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Nigerian cholera outbreak kills 175

Staff Writer | November 13, 2018
The death toll in a cholera outbreak hitting at least three out of six of Nigeria northeastern states has risen to 175 as of early November, according to the Norwegian Refugee Council (NRC), an international humanitarian group on Monday.
Nigerian cholera
Africa   10,000 people were affected by the outbreak
Late September, the United Nations Office for the Coordination of Humanitarian Affairs and local officials in Nigeria confirmed only 97 killed by the water-borne disease.

Following its recent findings, the NRC, while confirming the latest death toll in the northern city of Maiduguri, capital of Borno State, said 10,000 people were affected by the outbreak in Adamawa, Borno, and Yobe - all in the northeast region.

Maiduguri, also known as the origin of terror group Boko Haram, is home to over 243,000 displaced people in congested camps with poor hygiene facilities, creating an enabling environment for cholera to spread.

Janet Cherono, program manager of the NRC in Maiduguri, said the cholera situation was worsened by the rainy season.

Cholera is a highly virulent disease characterized in its most severe form by a sudden onset of acute watery diarrhea that can lead to death.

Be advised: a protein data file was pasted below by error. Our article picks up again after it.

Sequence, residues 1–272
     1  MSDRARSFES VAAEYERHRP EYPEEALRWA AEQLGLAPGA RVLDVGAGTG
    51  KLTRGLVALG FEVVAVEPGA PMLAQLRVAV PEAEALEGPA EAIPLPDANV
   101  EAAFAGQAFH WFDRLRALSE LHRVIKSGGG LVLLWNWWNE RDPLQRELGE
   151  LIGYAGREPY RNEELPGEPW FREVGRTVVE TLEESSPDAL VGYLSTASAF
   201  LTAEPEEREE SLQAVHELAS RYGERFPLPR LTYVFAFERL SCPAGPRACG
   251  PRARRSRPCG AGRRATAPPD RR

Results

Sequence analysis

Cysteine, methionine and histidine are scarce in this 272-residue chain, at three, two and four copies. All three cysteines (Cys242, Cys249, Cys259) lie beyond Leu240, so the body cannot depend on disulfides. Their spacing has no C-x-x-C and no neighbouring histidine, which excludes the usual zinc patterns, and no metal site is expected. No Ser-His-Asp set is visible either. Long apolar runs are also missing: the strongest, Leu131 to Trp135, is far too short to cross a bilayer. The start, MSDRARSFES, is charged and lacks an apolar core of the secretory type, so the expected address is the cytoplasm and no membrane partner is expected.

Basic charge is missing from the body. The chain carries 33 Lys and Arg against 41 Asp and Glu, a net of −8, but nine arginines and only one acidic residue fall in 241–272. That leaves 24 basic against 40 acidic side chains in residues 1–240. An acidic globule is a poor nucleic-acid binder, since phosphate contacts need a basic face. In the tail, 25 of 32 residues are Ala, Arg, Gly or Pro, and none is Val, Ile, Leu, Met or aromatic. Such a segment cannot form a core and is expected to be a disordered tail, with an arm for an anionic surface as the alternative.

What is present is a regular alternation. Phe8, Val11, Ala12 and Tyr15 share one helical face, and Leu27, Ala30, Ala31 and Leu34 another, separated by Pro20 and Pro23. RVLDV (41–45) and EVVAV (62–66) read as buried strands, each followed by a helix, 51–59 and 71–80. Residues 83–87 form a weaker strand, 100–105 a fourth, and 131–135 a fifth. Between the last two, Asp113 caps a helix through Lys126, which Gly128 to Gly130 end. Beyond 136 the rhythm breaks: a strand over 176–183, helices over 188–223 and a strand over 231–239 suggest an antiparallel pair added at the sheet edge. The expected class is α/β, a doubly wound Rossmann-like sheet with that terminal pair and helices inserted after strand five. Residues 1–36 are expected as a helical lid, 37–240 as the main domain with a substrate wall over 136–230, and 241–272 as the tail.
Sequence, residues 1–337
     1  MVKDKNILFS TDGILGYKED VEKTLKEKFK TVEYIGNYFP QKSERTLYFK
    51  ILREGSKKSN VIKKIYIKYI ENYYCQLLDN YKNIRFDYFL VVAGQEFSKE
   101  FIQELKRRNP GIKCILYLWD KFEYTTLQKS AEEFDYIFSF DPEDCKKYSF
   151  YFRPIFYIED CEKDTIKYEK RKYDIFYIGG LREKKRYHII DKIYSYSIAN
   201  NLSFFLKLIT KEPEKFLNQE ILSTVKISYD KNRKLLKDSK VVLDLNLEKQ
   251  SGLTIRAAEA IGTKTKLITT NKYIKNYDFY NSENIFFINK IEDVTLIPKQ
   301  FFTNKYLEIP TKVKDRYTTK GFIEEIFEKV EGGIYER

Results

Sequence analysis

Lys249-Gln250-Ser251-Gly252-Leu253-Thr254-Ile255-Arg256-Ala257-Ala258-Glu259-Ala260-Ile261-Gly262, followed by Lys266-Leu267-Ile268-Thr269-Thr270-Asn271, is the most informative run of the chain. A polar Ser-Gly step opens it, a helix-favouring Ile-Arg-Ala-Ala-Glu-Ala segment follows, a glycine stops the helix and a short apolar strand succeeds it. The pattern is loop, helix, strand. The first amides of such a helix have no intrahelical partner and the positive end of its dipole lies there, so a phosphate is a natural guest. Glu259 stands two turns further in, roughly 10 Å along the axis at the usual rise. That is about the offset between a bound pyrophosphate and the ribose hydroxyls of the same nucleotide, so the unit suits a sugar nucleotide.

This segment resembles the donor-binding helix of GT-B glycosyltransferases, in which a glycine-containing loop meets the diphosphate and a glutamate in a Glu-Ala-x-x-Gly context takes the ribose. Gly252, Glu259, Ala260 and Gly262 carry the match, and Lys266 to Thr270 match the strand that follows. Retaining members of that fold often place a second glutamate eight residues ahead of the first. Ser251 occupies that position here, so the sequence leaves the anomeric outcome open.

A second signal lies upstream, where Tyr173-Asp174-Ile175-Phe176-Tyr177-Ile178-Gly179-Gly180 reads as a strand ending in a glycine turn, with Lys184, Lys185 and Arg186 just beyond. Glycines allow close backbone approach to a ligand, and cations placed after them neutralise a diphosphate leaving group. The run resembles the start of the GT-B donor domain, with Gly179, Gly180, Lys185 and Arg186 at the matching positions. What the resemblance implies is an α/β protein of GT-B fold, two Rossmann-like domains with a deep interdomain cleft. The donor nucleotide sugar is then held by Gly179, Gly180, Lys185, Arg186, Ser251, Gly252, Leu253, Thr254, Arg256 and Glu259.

Cherono said one of the major causes of the latest outbreak is the congestion in the internally displaced persons' camps spread across the northeast region, which makes it difficult to provide adequate water, sanitation, and hygiene services.

According to her, Nigeria might be heading toward a worse outbreak of the water-borne disease next year "if more land is not urgently provided for camp decongestion and construction of health and sanitation facilities."

The Nigerian Center for Disease Control has declined to comment on the latest death toll but confirmed more than 16,353 cholera-related cases have been recorded so far in Nigeria since the beginning of the year.

On Nov. 8, Nigerian President Muhammadu Buhari launched a national action plan for the revitalization of water supply, sanitation, and the hygiene sector, calling on governments at all levels to give water supply and sanitation the required attention, saying the high prevalence of water-borne diseases that are being reported in different parts of the country was no longer bearable.

According to data by the Nigerian government, access to piped water services, which was 32 percent in 1990, had declined to 7 percent as of 2015, while access to improved sanitation had decreased from 38 percent in 1990 to 29 percent in 2015.